How to Quickly Fill Apartment Vacancies During COVID-19

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The coronavirus pandemic has caused massive changes throughout a variety of industries. If you own residential property, you’ll already know that widespread job loss has significantly impacted renters all across the nation. And while there were over 139 million housing units in the U.S. during 2019, many property owners have done everything possible to ensure their current tenants can stay put. Others have had no choice but to evict their tenants in order to have a chance of recouping their losses. And with some tenants having to move out of larger cities to save money and find gainful employment, certain vacancies are simply unavoidable.

Whatever the reason, you may be faced with some empty units right now. If you’re worried about finding new tenants during the pandemic, you certainly aren’t alone. However, around 85% of people cited in a recent study said they’re actively searching for a rental — even with whatever health risks might be involved with moving. That said, you may need to make some changes to how you market your vacancies and how you interact with prospective tenants to ensure these units are rented in a timely fashion. Here are just a few tips that will help you fill those apartment vacancies quickly — even in the midst of a pandemic.

Go Virtual When Possible

Around 28% of homeowners get the urge to move every five years, with many renters moving even more frequently. However, that doesn’t mean that potential tenants are always willing to take a risk when viewing an apartment. Pre-COVID, taking several tours of possible units was par for the course. But now, many renters want the opportunity to get the feel for whether a unit will work for them before they put on a mask and venture inside.

The recent study cited above found that one-third of renters actively looking for apartments are seeking virtual tours. Having video listings, offering live virtual property tours, and communicating with tenants through virtual means (teleconferencing, email, or text) can keep everyone safe while still allowing you to increase interest in available units. If you can have everyone sign the lease virtually and make deposits or rent payments online, as well, you’ll make the process that much easier for tech-savvy tenants while minimizing health risks.

Consider What the Market Will Bear

Since March, unemployment rates spiked from 3.5% to 11.1%, with a real rate of 18%. Although some people haven’t suffered too greatly as a result of the pandemic-related economic downturn, the majority of prospective tenants you’ll talk to will probably be on a stricter budget. Even if they haven’t lost their jobs, they may be actively trying to increase their savings in case of a second wave. Affordable properties are definitely easier to rent in our current economy. The aforementioned survey found that 35% of those involved lost their jobs or experienced a pay cut during the pandemic.

While that doesn’t mean you can afford to lose a lot on an apartment, keep in mind that you’ll end up losing considerably more if a unit stays vacant for months on end. If you can stand to lower the rental price a bit, this could be of great benefit to you. In Manhattan, which is one of the most expensive places to rent nationwide, landlords have been slashing rental prices and offering other incentives as a way to fill vacancies. Some have even offered free rent for the first month or so. Although that may not be possible (or even necessary) in your situation, think about how you can make an apartment even more attractive (and financially feasible) to the average tenant. If the current rental price isn’t something the market in your area will bear, you may need to compromise in order to access a steady income stream.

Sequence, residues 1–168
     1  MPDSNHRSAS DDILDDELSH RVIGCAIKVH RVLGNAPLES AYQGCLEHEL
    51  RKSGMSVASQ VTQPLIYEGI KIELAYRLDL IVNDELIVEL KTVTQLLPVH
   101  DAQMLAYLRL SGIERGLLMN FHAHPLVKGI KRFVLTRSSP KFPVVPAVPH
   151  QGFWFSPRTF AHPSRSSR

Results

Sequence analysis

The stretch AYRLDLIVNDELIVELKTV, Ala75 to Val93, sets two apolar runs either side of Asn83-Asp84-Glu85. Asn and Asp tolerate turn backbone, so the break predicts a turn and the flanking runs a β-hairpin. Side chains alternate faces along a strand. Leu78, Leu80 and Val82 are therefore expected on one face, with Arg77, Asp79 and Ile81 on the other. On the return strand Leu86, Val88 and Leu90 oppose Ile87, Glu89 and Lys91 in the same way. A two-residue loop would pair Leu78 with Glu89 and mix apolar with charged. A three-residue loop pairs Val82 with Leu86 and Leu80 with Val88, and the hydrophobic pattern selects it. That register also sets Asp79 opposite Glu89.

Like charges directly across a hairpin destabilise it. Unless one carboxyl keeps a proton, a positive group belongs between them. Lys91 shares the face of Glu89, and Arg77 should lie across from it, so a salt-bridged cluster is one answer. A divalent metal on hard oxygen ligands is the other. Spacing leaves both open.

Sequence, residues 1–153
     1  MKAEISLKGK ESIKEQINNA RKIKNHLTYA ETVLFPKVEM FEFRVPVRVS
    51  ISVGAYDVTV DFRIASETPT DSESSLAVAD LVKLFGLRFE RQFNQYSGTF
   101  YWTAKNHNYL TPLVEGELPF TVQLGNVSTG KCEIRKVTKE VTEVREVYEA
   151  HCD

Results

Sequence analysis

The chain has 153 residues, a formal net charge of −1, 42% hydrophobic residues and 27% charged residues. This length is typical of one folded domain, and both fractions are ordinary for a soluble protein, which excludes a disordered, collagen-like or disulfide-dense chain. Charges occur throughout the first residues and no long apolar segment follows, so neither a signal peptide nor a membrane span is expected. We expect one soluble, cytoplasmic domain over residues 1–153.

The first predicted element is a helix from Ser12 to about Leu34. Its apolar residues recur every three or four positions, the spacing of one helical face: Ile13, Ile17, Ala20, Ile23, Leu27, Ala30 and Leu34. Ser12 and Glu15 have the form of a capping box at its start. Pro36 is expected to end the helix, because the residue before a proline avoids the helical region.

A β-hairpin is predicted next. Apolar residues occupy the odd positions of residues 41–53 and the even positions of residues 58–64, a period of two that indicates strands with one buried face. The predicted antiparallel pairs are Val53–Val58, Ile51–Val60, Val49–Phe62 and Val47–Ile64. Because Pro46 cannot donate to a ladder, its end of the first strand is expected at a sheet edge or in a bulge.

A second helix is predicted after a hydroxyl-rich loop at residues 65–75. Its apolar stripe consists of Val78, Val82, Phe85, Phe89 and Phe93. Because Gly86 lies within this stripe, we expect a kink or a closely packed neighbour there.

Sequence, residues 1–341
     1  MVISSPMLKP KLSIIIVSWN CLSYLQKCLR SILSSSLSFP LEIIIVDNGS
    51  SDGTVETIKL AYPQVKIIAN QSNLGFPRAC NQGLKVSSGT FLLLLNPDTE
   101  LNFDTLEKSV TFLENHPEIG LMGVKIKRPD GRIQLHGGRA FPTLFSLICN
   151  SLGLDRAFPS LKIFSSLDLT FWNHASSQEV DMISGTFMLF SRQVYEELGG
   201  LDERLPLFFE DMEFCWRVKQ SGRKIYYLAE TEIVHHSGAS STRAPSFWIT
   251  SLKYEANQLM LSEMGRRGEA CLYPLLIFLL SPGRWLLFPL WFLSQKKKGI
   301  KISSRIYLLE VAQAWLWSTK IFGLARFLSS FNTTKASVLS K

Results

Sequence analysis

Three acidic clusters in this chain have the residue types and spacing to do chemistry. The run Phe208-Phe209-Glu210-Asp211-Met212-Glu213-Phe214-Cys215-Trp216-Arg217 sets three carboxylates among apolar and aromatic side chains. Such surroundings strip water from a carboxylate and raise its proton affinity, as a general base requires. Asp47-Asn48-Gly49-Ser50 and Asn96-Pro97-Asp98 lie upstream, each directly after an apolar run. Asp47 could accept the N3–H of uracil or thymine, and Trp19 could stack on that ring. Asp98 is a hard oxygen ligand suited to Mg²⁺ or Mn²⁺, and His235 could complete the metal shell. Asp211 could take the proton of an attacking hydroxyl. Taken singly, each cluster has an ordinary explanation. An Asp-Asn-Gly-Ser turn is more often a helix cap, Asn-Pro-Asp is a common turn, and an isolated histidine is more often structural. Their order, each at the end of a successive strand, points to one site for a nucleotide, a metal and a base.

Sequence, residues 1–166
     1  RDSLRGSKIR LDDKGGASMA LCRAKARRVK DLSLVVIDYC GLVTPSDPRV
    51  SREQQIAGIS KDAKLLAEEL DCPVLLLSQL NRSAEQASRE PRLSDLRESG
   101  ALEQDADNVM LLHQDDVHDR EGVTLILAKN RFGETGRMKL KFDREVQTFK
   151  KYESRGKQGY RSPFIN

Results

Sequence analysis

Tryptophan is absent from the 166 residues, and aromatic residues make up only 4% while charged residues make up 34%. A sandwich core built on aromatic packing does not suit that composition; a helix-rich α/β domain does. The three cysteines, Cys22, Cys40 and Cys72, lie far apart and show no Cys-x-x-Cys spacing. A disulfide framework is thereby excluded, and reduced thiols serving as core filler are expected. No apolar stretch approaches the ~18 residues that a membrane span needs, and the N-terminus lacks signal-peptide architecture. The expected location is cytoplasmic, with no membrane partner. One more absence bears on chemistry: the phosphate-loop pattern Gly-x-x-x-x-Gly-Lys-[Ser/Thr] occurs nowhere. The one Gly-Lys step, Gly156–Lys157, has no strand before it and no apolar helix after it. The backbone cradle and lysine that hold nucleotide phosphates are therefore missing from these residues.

Show Your Commitment to Health and Safety

Prospective tenants may feel more comfortable renting from you if you show how much you care about the health of those who occupy your units. You can accomplish this in a number of ways. Wearing masks and practicing social distancing during any face-to-face interactions can help, while taking care of basic maintenance and upgrades before showing the apartment can minimize the interactions that your staff will need to have once tenants move in. Highlighting your commitment to cleaning — from sanitizing common surfaces to cleaning HVAC units — can also go a long way.

If a potential tenant has indicated they’ll be working from home, you can provide them with the resources they need to set up their internet connection or make an effort to soundproof the unit so they can easily conduct business. Even small gestures, like letting them know they can come to you if they lose their job or if they need help securing essential supplies, can help tenants feel more secure about renting a vacant apartment. Let them know that you take their safety seriously and that you’ll make every effort to protect their health while they live on your property. Showing this sense of compassion and care can serve as a real incentive to rent from you.

Finding tenants for available units won’t always be easy, especially in the middle of a health crisis. But if you keep these tips in mind, you can appeal to those who are actively looking for housing while boosting your reputation within the community.

This article contains general information and does not contain legal advice. Buy It, Rent It, Profit is not a substitute for an attorney or law firm. The law is complex and changes often. For legal advice, please ask a lawyer.


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